4 stars.

Book description

Widowed art lecturer Jane Chasen is not an impulsive woman. Why, then, does the formerly methodical workaholic quit her job, sell her house, and move from Detroit to Florida? Instead of pondering her atypical behavior, she takes a closer look at a neighbor’s intriguing outdoor art installation. Days later, Detective Jesse Singer discovers the murdered artist in his studio. With Jane’s help, Singer finds the victim’s bloody shirt, inexplicably located within Jane’s gated community. Singer knows nothing about art, and as he closely questions Jane, she offers to help with the art angle of the case. Singer soon takes Jane up on her offer. Then, Jane begins to receive anonymous threats. Singer, determined to protect Jane, keeps her closer to his side than ever—she’s not complaining.

AmazonUK | AmazonUS

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Rosie’s #Bookreview Of #RomanticSuspense PIVOTAL DECISIONS by Reily Garrett

Pivotal Decisions (Moonlight and Murder, #2)Pivotal Decisions by Reily Garrett

4 stars

Pivotal Decisions is book two of the Moonlight And Murder romantic suspense series.

This story is set in the Florida Everglades and involves virtual reality gaming technology. The book opens with a gruesome murder scene; a man so lost inside the gaming world behind his goggles that he appears not to notice his legs have disappeared. But why is he sitting on a chair in the middle of a swamp and why did the predator take only his legs?

Augee knew his best friend Jinx was worried, so when he received an odd text asking him to meet Jinx at a strange location, he invited wildlife ranger Sabine along too. What they found was horrifying. Concerned that his past might misdirect the police investigation Augee asks his estranged brother for help. Coyote Waylin hadn’t been back to Florida for six years, but he’d always tried to put his family first, even if it meant hurting the ones that he loved.

I liked this story, particularly how the animal life of the area enhanced the murder thread; it made me shudder several times. While you don’t have to know much about virtual reality gaming to follow the narrative, its theme just gives the story a ‘current’ touch. There are a couple of romance threads, one that overlaps from book one and a new one for Coyote. We first met Coyote in the previous book and I already liked his manner and principles; it was good to see him as a main character in this story.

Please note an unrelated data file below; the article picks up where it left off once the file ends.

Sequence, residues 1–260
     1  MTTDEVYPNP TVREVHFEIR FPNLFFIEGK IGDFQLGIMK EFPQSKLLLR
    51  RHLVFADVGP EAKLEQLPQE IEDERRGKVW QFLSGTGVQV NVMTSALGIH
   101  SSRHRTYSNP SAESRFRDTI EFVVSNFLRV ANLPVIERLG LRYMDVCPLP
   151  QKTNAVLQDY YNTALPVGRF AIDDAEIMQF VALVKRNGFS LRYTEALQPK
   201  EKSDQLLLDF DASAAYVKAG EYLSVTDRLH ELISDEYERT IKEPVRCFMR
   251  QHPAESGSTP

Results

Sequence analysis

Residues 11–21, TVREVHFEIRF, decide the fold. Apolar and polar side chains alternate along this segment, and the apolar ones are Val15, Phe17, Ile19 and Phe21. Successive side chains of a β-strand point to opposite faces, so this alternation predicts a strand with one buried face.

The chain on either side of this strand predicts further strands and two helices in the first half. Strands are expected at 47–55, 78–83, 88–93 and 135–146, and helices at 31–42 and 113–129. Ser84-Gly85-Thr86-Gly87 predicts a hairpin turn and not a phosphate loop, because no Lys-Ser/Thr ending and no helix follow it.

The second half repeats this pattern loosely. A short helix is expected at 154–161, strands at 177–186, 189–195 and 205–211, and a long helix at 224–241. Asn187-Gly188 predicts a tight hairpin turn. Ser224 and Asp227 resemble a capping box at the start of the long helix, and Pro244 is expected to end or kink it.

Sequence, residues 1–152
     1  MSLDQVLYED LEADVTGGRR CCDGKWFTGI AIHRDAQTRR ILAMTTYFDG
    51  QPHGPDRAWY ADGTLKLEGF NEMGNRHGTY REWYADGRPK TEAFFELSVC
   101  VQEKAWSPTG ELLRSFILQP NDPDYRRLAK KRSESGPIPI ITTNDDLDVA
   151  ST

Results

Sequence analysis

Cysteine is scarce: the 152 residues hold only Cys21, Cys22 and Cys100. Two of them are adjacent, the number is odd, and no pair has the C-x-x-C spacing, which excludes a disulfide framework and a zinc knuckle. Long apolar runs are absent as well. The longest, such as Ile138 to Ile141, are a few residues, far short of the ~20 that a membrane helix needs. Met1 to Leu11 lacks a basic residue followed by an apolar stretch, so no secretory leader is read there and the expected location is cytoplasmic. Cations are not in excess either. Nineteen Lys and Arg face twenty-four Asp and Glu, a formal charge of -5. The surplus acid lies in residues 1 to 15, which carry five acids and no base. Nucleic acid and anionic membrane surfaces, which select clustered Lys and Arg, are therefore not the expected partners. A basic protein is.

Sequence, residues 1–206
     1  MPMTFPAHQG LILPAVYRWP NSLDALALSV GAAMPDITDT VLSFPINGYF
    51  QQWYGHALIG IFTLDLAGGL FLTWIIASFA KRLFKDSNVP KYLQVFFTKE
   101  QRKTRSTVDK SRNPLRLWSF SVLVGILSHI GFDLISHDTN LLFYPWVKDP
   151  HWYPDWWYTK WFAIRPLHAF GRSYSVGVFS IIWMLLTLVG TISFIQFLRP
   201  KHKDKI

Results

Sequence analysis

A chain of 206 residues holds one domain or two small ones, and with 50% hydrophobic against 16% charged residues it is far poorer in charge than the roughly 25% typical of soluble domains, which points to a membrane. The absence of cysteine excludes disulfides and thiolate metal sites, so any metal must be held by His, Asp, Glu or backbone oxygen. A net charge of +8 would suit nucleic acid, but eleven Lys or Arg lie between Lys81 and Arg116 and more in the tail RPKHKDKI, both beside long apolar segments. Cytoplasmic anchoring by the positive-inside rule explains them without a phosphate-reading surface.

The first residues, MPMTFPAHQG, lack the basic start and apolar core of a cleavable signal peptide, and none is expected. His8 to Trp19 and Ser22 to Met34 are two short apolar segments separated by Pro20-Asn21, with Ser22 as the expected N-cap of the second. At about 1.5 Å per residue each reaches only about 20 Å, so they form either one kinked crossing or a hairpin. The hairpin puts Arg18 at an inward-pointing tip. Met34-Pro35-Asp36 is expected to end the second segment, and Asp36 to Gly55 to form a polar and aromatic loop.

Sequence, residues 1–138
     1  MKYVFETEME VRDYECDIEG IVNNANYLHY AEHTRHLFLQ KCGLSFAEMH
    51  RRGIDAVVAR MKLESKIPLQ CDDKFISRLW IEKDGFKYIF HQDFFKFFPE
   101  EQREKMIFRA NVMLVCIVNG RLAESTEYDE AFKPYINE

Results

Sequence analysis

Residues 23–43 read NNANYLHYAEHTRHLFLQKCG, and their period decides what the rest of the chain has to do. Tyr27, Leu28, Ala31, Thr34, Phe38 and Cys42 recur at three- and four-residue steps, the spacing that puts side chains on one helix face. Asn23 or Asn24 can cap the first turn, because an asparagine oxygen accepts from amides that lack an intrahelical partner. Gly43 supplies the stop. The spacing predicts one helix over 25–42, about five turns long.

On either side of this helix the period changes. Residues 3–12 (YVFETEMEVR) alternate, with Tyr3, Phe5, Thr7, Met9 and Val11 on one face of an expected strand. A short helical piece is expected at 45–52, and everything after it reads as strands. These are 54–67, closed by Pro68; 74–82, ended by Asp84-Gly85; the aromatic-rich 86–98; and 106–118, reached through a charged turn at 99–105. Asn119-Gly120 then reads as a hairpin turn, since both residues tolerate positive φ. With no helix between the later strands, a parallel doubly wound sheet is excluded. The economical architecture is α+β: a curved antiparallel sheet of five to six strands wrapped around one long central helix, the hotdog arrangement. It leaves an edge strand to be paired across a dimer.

Although this book could be read alone, I believe it would be more enjoyable when read as part of the series. Ideal for those who enjoy a murder investigation and who don’t mind mixing it with a reptile or two.

View all my reviews on Goodreads

Book description

She carries a gun for a living…
but never expected to be a target.

Sabine’s early morning hike ends with discovering her friend sitting in a chair by the canal and gazing at the sunrise. Peace and serenity pervade, except, he’s dead.
To discover the how and why of his death, she must first survive the shrewd killer intent on removing human collateral and regaining lost technology.
Coyote Waylin hasn’t set foot in the Everglades for six years, not since the night he broke his brother’s jaw and saved his sister’s life. After receiving a desperate call from his sibling, he rushes south to untangle a web of murder and intrigue.
Together, Coyote and Sabine sort the snarled web of lies and deceit while struggling to maintain their personal space. Failure to thwart the ingenious killer could result in untraceable mass murders.

AmazonUK | AmazonUS

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That Darkest Place by @MarciaMeara Romantic #Suspense book #3 Riverbend series set in #Florida

That Darkest Place: Riverbend Book 3That Darkest Place: Riverbend Book 3 by Marcia Meara
My rating: 4 of 5 stars

That Darkest Place is book #3 of The Riverbend romantic suspense series set in Florida. It is the story of Forrest and Jackson Painter, and continues from where we left off in book #2, Finding Hunter.

Jackson is the eldest brother of three, and the book opens with a hospital scene. Left with severe memory loss and an amputated leg, it will take a long time for Jackson to recover.

Forrest is the brother who keeps the family together, and runs the family hardware store. He’s supportive to Hunter, from Book #2, in the past—now he needs Hunter’s support as they pull Jackson through his rehabilitation.

As the book title suggests, this novel deals with its characters’ psychologically darkest moments. I thought the author did a great job describing Jackson—his roller-coaster of recovery followed by deep periods of depression. We see the picture from his point of view and from Forrest’s, who becomes his prime carer once he comes home. Both go through periods of guilt, doubt and discomfort, but with the help of family and counsellors they make progress.

The sinister element built the tension well and I didn’t guess the person behind the threats. This series also has an element of romance in each book and the author writes the intimate scenes with grace and care, using enough description for the reader to use their imagination without it being explicit, so will suit readers who prefer their romance with lower heat levels.

I enjoy this author’s writing style and shall look forward to her next book.

View all my reviews On Goodreads

Book Description

“There are dark places in every heart, in every head. Some you turn away from. Some you light a candle within. But there is one place so black, it consumes all light. It will pull you in and swallow you whole. You don’t leave your brother stranded in that darkest place.”
~Hunter Painter~